Our latest regular contributor to the Bowdoin Daily Sun is Kevin Salatino, director of the Bowdoin College Museum of Art. His column is called “arttalk.”
The white wall’s apparent neutrality is an illusion. -Brian O’Doherty, Inside the White Cube
Some visitors to the Bowdoin College Museum of Art in the last few weeks have had a cornea-searing experience in the Zuckert seminar room (transformed, as it is each summer, into a gallery), its normally sedate white walls now a brilliant tangerine. The effect is startling, given the subdued grey galleries that precede it. The shock is intentional, and not just for shock’s sake; there’s always curatorial method behind deceptively simple decisions like wall color. In fact, we’ve been playing a lot with colors these days. The Zuckert gallery-where an installation of the Museum’s colonial portraits is currently on view ““ is one of several instances of bold color experimentation in the past year. You may have seen, for example, the Basquiat/Warhol show in the Becker Gallery last winter, its intense ruby red and acid yellow walls complementing the Jean-Michel Basquiat painting on view (in fact, the inspiration for the wall colors came directly from the painting). Or you might recall (you would if you saw it!) the recent Becker Gallery show (Banned in France: Recovering the Enlightenment Foundations of the James Bowdoin III Collection), its walls painted hot pink and lime green, a color selection inspired by 18th-century Sevres porcelain, in keeping with the show’s time frame.
The stimuli for the Zuckert tangerine were two. I’d seen a more subdued orange in the American galleries at the Huntington Museum in San Marino, California, where I thought it looked terrific. Then, when selecting the paintings for the Zuckert installation, I came across our Rembrandt Peale portrait of a gentleman with flame red hair, and bingo! The dye (sic) was cast. The effect is, I think, stunning, the color so magnetic it draws people into a gallery with the sort of art that often gets ignored. Bowdoin’s collection of Colonial and 19th-century American portraits is noteworthy, but it’s the rare viewer who spends much time these days before a Robert Feke, a Gilbert Stuart, or even a Copley, let alone more obscure portrait painters. So, one strategy for getting people to LOOK at these fascinating paintings is by other means of attraction. This wouldn’t succeed as a strategy if the wall color detracted from the works themselves, but, surprisingly, the tangerine, strong as it is, seems rather to enhance the pictures’ beauty, and the furniture and silver also included in the gallery look remarkably good as well.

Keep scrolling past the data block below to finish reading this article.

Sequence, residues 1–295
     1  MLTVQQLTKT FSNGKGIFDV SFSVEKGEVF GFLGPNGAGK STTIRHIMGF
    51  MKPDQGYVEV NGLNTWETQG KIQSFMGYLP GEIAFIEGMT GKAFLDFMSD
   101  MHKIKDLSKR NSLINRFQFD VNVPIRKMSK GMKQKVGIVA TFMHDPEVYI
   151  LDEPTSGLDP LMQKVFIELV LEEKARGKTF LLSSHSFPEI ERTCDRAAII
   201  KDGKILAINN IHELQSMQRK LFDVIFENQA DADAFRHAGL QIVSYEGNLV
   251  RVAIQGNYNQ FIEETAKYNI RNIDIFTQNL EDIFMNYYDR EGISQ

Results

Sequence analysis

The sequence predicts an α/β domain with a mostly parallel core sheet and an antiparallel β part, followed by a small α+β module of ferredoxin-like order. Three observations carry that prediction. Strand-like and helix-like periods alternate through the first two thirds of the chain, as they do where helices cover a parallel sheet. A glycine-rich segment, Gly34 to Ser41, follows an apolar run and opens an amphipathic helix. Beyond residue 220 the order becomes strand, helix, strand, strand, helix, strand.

In our excellent current exhibition (closing July 11!), Methods for Modernism: Form and Color in American Art, 1900-1925, we also adopted a bold palette of mostly primary colors (red, blue, yellow). In this case, we created a series of discrete rooms in our two largest downstairs galleries using five large baffle walls (two in one gallery, three in the other), each color-coded. The gallery walls were kept largely gray, as a suitable background to the many works on paper in the exhibition, while the strongest paintings (a Kandinsky, for example) were placed on the baffles. Two gallery walls were, however, accented in lime green, inspired by the show’s signature work, a spectacular picture by Joseph Stella (Spring, ca. 1914-16).
Spectacle and theater are essential to museum display, more so now than ever. The days of the white box gallery aren’t over, but that cold, modernist aesthetic-a form of mediation no less aggressive than the use of bold colors-is only one of many possible strategies in the curator/designer’s installation arsenal. Come to the Museum and have a look for yourself, though you may want to bring a pair of sunglasses.